For many, especially the airlines that have been pushing for the rule change for over a year, the new regulations will clarify what is and is not a trained service animal. the rule change will also allow airlines to require passengers with disabilities traveling with a service animal to submit a form “attesting to the training and good behavior of the animal, and certifying the good health of the animal”.
“This news will be celebrated by every traveler or airline crew member who has seen an animal behave badly on board an aircraft that clearly has not been trained as a service animal but is posing as an animal at the request of its owner, “said The guy at the points. An earlier story NotedâEveryone is sick of seeing pets pretending to be emotional support animals on a plane. Who can forget the dog who stole a seat in first class or the woman who tried to bring her emotional support squirrel on a plane? “
The airlines, of course, are thrilled. âAirlines are committed to promoting accessibility for passengers with disabilities and ensuring their travel is safe,â said Nicholas E. Calio, President and CEO of Airlines for America. “The Department of Transport’s final rule will protect the traveling public and airline crew members from untrained animals in the cabin, and improve the accessibility of air travel for passengers with disabilities who travel with trained service dogs.” . “
Airlines believed that some of these shirt “support animals” were simply pets, the owners of which escaped payment of the tax. Delta invoice $ 125 one-way for pets traveling in the domestic cabin, $ 200 overseas. Point document on the new rules includes a comment from Paralyzed Veterans for America noting that even if a passenger’s emotional support animal is able to travel as a pet, the fee can cost up to $ 175 each way. The DOT report says the increase in fees paid by passengers traveling with ESAs will be between $ 54 and $ 59.6 million per year.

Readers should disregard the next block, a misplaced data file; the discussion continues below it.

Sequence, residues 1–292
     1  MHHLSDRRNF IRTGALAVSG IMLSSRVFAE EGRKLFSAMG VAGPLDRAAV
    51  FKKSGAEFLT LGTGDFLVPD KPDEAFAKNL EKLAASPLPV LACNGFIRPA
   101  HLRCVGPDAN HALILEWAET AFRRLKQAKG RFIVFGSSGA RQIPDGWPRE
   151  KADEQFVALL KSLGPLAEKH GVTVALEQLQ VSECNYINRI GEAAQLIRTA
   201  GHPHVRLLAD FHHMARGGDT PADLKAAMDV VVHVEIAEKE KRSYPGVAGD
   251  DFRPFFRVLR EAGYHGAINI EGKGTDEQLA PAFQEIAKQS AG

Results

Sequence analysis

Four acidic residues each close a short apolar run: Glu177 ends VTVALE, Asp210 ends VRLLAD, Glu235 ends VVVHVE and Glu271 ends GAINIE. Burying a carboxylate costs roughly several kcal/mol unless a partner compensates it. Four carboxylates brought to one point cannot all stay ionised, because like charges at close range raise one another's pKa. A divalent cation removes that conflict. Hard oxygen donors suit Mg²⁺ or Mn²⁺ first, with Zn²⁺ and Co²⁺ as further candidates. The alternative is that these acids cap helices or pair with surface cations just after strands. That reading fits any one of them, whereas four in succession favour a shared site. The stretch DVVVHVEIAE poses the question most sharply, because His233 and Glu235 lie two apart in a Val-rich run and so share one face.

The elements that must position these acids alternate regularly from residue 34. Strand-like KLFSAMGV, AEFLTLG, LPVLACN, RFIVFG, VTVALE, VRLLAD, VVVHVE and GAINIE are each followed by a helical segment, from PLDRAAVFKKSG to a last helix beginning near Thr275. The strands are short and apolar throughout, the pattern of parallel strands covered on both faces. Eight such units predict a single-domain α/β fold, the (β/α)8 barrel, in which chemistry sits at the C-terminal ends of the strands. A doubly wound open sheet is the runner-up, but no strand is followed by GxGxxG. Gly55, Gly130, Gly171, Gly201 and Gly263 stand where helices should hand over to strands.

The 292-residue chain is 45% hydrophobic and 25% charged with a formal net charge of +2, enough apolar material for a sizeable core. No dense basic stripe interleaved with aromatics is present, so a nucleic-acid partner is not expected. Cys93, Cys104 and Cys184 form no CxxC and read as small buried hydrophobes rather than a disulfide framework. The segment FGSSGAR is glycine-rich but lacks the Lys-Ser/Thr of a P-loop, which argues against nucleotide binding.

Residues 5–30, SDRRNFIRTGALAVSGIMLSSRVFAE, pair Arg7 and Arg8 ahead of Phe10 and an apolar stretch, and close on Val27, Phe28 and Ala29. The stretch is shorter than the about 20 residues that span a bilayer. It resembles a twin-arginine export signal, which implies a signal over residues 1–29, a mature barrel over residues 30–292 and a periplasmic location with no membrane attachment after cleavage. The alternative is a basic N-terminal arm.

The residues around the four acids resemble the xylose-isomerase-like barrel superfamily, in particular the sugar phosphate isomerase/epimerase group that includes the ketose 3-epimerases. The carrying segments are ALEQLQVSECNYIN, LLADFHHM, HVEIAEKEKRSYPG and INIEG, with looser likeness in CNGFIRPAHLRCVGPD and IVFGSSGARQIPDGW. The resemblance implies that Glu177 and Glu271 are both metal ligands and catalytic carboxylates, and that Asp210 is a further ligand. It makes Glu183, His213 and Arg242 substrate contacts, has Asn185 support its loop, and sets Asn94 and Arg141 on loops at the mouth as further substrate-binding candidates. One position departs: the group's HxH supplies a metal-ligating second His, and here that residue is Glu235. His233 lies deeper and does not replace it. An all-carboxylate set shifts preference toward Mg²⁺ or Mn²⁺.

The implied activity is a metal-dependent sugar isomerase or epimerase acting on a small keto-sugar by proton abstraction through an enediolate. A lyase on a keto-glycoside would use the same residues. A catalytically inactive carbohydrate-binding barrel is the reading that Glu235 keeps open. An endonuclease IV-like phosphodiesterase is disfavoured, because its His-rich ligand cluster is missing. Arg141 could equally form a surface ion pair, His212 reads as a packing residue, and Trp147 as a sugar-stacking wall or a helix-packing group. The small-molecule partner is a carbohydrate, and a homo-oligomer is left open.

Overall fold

Conlon has no patience for the abuses that have led some to characterize the ESA certification process as a sham. âOnline businesses that try to emulate telehealth and CertaPet need to be vetted for their process and regulated so that we don’t have things like bears, beehives and peacocks that are ‘certified’ as emotional support animals. . These fraudulent businesses need to be regulated, not people. DOT is completely misguided in its efforts to reduce the fraud it faces. “
What the airlines and their allies fail to mention is that the accommodations previously offered to ESA owners under the Air Carrier Access Act are similar to the Fair Housing Act.
âThe Fair Housing Act recognizes that emotional support animals are an integral part of a treatment plan for people with mental health disorders,â says Conlon. “Because it’s something they need to help manage their symptoms, no pet fees are charged and their emotional support animals are allowed in ‘no-pet’ accommodation.”
The law also provides protections for owners, with stipulations such as âno aggressive behavior, general good behavior, no disturbance (noise complaints, do not pick up after your pet)â. If the animal damages the property is caused by the animal, its owner is responsible for the repairs.
Despite the rule change, the problem of emotional support animals could continue against hostile skies in 2021. Conlon said, âWe are looking at all legal options to help protect the rights of people with mental health issues. . “